>> Many of the victims are too young to understand why they're here. In this emergency field hospital near Mosul's front line, it's mostly women and children filling the beds. There have been thousands of civilian casualties as the Iraqi government tries to drive Islamic State fighters from what was once their main stronghold in Iraq.
Reuters correspondent Angus MacSwan is at the clinic.>> By day you can hear the sound of battle from here, and by the afternoon and the evening the casualties are coming in. These are civilian casualties, many of them women and children with horrific wounds from sniper fire, shrapnel, all sorts of blasts, booby traps, and it's really a pretty heart wrenching sight to see.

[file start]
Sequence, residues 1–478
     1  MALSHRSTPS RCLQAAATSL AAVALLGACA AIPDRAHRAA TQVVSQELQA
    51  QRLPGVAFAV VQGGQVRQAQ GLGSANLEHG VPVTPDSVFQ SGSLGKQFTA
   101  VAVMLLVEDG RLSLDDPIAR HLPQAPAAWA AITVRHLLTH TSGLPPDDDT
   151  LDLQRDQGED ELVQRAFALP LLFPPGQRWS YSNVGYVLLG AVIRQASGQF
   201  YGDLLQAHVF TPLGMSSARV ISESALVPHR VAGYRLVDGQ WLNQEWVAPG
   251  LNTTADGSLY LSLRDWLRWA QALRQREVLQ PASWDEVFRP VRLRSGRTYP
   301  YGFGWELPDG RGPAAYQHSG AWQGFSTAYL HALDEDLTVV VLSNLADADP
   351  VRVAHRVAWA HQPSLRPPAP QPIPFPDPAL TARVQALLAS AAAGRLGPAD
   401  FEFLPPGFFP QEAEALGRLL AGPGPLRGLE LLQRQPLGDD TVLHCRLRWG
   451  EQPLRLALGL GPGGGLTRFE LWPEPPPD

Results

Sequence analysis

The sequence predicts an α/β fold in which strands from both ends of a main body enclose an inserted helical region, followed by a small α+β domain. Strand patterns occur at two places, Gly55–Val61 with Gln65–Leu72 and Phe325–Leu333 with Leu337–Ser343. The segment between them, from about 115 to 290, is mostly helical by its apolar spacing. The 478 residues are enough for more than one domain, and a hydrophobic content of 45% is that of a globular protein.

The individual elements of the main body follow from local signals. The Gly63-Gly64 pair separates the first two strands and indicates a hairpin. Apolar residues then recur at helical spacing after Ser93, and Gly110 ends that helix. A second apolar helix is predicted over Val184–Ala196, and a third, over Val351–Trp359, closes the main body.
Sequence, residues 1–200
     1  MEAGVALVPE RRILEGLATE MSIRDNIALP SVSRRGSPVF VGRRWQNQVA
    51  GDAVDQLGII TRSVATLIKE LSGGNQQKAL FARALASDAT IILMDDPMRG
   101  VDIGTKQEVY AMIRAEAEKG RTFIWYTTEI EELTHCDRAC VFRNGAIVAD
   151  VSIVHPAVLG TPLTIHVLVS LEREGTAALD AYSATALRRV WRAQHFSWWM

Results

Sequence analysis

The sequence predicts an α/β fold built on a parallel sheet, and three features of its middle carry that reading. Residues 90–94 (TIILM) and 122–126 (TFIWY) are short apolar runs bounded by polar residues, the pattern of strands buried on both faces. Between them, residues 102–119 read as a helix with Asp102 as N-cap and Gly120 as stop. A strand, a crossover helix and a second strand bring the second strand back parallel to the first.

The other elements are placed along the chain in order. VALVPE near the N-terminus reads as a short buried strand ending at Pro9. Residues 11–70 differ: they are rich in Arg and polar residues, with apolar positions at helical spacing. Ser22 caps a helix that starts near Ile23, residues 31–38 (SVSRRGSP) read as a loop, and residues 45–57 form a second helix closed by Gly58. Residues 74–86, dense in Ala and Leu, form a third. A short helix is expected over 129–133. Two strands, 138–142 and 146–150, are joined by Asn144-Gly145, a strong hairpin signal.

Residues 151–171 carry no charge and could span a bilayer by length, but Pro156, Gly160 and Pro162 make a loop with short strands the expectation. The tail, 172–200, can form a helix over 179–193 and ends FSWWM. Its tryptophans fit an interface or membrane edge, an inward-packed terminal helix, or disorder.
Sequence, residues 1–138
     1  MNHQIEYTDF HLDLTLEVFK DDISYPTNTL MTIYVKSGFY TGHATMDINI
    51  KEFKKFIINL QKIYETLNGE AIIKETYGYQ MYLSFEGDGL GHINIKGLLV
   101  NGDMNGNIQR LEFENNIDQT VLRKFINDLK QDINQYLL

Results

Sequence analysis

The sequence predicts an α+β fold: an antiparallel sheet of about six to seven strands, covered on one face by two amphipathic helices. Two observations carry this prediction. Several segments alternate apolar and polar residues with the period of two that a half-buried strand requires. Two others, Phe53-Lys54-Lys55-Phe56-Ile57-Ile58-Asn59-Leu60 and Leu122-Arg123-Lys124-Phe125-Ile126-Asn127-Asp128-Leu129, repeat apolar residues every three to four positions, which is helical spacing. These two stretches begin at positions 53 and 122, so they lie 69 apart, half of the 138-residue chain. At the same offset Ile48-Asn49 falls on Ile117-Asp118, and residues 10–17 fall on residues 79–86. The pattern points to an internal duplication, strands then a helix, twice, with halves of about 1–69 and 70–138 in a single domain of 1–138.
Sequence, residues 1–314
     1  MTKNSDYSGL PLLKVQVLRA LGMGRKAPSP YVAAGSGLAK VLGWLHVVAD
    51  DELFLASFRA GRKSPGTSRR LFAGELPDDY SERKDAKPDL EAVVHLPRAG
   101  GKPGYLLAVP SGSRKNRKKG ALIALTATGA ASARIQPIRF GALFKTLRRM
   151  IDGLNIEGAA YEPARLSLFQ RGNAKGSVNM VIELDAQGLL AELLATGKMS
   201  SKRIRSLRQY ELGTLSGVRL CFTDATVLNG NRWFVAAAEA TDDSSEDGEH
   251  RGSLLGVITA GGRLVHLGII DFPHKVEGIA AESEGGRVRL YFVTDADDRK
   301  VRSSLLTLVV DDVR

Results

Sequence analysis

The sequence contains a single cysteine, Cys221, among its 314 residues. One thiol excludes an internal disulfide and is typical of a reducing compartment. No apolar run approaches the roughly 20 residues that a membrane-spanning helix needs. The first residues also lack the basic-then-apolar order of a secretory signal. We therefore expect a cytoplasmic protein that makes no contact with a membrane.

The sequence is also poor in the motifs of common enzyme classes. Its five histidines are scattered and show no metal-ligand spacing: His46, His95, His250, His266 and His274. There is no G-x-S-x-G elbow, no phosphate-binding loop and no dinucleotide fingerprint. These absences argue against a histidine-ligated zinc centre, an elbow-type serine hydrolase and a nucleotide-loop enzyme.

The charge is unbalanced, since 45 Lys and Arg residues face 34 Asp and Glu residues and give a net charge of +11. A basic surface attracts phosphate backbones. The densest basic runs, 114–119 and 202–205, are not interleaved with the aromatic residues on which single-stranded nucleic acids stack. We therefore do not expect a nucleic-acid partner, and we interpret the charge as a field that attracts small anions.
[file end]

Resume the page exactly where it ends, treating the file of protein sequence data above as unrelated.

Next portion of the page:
Young children laid out in their beds in such a dramatic state. The hospital is run by the Samaritan's Purse, a Christian charity and it's working in conjunction with Iraqi government. The doctors, and the nurses, and the staff are volunteers from the United States mostly, but also from Canada, Britain and other cities and they working conjunction with Iraqi national people.
>> Being so close to the conflict means the hospital can save lives that might previously have been lost, or in some cases, just provide comfort in the victims final hours.>> He didn't have his parents with him, but he had about 10 people around his bed, holding his arms and hands and feet.
So, he knew that he was loved and taken care of.>> This mobile clinic has treated more than 1,000 patients. The flow of maimed and wounded is rising as the battle rages in the closely packed houses and narrow streets in the west of the city. More than half a million civilians are believed to be trapped there.
Aid agencies warn the worst is yet to come.>>